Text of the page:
In December 2005, two countries, Azerbaijan and France, celebrated the centennial of Banine, the author of Days in the Caucasus, the most vivid, emotionally accurate chronicle of life in Baku in the early twentieth century.
“With a fountain of ‘black gold,’ but unloved by God… Has an oil fountain ever gushed out in your garden?”
Banine’s grandfather, Shamsi Asadullayev, owned a small plot of land in Ramana, where an oil fountain started gushing out. Many believe that riches falling from the sky, or rather from the underworld in this case, makes you happy and you can forget all your worries. But money can’t buy happiness…
Money brought the Asadullayev family nothing but trouble and even misfortune. “Asadullah” in Arabic means “loved by Allah”. But the Almighty’s love for this family did not last very long. During the Armenian-Azerbaijani conflict in 1905, Shamsi Asadullayev’s son Mirza and Musa Nagiyev’s daughter had a baby girl. The family was staying in a remote village near Shamakhi at the time, the mother died in childbirth. The girl was named Umm El-Banu after her mother. She did not start calling herself Banine in French style until much later.
Banine recounted later: “I did not know my mother. In 1905, seeking to thwart the revolutionary tide, the authorities provoked interethnic clashes in the Caucasus. Azerbaijanis, Armenians, Russians, Kurds, Iranians were pitted against each other. Trying to protect my mother from the blind brutality and madness of the pogroms, my father sent her to give birth in a village far away from Baku. The delivery was difficult, and there was no doctor nearby. My mother died, but before she did, she gave me life…”
Her father, Mirza Asadullayev, was almost always away on a business trip. One day, while traveling around the country, he fell in love. His young wife, Ossetian Tamara Datiyeva, did not just become a stepmother to his four young daughters, but unexpectedly gave them a different outlook on women’s role in society. European-educated and with impeccable taste, Tamara took care of everything, from the girls’ clothes to the interior of the house and the planning of social gatherings.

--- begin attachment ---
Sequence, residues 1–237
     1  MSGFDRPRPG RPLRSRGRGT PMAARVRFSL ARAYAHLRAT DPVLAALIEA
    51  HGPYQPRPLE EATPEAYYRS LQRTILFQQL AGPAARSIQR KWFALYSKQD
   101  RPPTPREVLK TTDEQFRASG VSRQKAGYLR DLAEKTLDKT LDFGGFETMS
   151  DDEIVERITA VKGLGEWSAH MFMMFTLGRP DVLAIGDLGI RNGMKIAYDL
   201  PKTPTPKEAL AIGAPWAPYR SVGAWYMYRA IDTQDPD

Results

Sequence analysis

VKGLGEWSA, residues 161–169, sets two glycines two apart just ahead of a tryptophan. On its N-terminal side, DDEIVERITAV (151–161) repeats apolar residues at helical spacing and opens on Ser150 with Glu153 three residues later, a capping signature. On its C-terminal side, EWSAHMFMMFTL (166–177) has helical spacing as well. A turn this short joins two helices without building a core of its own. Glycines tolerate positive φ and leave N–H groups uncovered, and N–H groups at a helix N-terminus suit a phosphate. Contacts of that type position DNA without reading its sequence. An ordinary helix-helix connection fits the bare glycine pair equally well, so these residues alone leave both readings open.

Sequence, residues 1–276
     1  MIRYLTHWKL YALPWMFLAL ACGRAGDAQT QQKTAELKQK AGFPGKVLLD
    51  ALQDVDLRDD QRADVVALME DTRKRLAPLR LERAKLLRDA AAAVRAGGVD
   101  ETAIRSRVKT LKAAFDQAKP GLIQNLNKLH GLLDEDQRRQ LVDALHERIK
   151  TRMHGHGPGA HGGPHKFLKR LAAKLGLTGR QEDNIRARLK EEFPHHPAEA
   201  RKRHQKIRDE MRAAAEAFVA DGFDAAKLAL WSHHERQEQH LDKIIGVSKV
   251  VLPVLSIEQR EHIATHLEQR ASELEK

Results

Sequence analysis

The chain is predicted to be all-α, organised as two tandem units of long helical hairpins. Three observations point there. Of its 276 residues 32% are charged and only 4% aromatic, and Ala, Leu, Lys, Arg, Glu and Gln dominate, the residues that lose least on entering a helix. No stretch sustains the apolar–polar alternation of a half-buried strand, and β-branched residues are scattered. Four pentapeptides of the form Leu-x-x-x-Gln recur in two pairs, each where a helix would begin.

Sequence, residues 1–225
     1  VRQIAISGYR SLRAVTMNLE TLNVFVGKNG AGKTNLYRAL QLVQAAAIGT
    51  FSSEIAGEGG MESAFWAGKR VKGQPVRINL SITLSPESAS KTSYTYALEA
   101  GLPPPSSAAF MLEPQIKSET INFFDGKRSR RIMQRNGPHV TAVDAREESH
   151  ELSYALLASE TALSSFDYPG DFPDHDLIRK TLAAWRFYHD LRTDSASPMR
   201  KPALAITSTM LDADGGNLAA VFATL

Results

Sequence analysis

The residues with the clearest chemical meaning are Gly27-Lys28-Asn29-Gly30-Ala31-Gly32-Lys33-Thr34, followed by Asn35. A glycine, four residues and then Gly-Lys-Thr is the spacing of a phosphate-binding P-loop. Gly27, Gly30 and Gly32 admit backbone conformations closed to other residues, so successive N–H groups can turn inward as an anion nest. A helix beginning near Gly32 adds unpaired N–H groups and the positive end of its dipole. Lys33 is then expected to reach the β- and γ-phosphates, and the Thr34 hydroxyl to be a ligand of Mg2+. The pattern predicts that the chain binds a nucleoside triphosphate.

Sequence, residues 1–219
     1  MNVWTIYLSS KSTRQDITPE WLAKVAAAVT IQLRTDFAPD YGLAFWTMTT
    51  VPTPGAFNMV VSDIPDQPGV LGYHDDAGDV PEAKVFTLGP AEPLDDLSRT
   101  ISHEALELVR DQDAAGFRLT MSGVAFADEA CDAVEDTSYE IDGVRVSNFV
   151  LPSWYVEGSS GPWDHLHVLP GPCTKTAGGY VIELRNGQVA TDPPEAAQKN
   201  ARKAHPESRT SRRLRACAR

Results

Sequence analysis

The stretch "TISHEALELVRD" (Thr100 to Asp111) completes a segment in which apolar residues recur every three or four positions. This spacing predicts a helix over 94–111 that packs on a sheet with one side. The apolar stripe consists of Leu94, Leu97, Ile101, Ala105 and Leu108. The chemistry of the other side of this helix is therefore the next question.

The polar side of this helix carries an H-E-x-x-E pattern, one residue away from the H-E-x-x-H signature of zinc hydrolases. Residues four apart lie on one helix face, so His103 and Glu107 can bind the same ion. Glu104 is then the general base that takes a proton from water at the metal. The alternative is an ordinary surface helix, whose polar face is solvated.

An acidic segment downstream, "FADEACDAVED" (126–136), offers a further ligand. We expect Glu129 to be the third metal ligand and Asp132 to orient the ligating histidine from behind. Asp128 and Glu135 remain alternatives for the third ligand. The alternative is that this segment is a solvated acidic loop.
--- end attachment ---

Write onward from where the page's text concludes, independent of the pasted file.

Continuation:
Banine later said that as a child she had been greatly impressed by Tamara’s stories about Paris, where the woman had lived and studied for a long time. Her admiration for Tamara eventually transformed into a love of all things French, into a dream of Paris that seemed unattainable at the time. But 1917 was looming ahead, the year that turned her entire life upside down.
In her memoir, Banine wrote: “As a child I loved my grandmother very much; the things that were to separate us later did not yet matter to me. When they did become important, I cut myself off from her completely: she seemed to me to be from another world; indeed, she was from another world. Is blood thicker than water? I must confess that I’ve never felt that about anyone. Is it an optimistic invention of humanity or am I a monster? Impartial observation seems to show that in families where interests diverge, hatred between relatives is constant and widespread; where interests are not divisive, affection sometimes exists.”
Banine married an influential man she did not love in order to get her father out of prison, obtain an international passport, and flee to Turkey. At nineteen, now in Turkey, she separated from her husband Balabek Gojayev and went to Paris to join her family, who had moved there earlier.
From a young age Banine did not like to trouble anyone. She always believed that one should be one’s own maker, from beginning to end. Soon her complicated relationship with her stepmother forced her to leave home and start an independent life.
Banine found a job right away. She tried all professions available to the emigrant, from a sales clerk, a secretary in an office, a translator, to a fashion model—she became a model for two famous fashion houses. The first was Worth, owned by Charles Frederick Worth, the first world-famous designer, the creator of haute couture, or high fashion.
But Banine’s modeling career was also short-lived. She developed a literary talent and began to write. Her first book, Nami, published in 1943, was about her childhood. The book was barely noticed. It was a hard war year, and many people had no time for literature.